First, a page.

January 2003  

  Vol. 2   No. 1   

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The McDougall Diet Supported by the Most Ancient Clinical Trial – According to the New England Journal of Medicine

The truth is the truth, and you do not have to be a scientist, doctor, or dietitian to observe the truth.   Throughout human history people have written that the kings, queens, and aristocrats, who eat rich foods, become fat and sick.  Approximately 2600 years ago it was also reported that the McDougall diet cured people with these food-induced ailments, according to an article in this month’s issue of the New England Journal of Medicine.1

 “The first published report of a clinical trial has biblical origins. In the Book of Daniel, reference is made to the unwillingness of the Israelite Daniel to accept the diet offered by the Babylonian king Nebuchadnezzar. The king's official had put a steward in charge of Daniel and his three friends (Shadrach, Meshach, and Abednego):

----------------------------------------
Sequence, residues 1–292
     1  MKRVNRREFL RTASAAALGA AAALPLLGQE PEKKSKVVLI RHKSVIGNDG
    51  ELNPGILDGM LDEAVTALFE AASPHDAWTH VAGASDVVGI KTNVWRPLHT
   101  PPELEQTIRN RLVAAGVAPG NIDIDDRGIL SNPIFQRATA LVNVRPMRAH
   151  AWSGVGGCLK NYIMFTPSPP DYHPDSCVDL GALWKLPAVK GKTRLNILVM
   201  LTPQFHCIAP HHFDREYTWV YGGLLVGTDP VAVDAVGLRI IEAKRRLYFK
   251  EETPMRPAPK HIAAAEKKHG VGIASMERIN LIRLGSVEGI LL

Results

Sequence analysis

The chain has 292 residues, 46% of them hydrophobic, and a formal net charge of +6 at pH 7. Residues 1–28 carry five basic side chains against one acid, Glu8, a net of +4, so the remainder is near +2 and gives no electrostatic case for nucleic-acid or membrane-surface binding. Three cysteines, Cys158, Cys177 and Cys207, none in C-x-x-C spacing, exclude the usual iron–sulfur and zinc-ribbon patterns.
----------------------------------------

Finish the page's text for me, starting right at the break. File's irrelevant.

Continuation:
Daniel said to the steward . . . “Test your servants for ten days; let us be given vegetables to eat and water to drink. Then let our appearance and the appearance of the youths who eat the king's rich food be observed by you, and according to what you see deal with your servants." So he hearkened to them in this matter, and tested them for ten days. At the end of ten days it was seen that they were better in appearance and fatter in flesh* than all the youths who ate the king's rich food. So the steward took away their rich food and the wine they were to drink and gave them vegetables.”2

* “Fatter in flesh” refers to better nourished, not being overweight.

So those people who have followed Jenny Craig, Weight Watchers, Atkins, and the Zone should realize these approaches are based upon very weak foundations.  Unless you can find reference to any of these programs in ancient writings, I will have to assume they are all just passing fancies, briefly capturing the attention of the desperate masses; and not worthy of the efforts of a person serious about his health and personal appearance.


1)  Lewis J.  Ancient clinical trials.  New England J Med 2003; 348:83.

2)  Daniel 1:11-16. In: The Holy Bible. Revised standard version. New York: American Bible Society, 1995.


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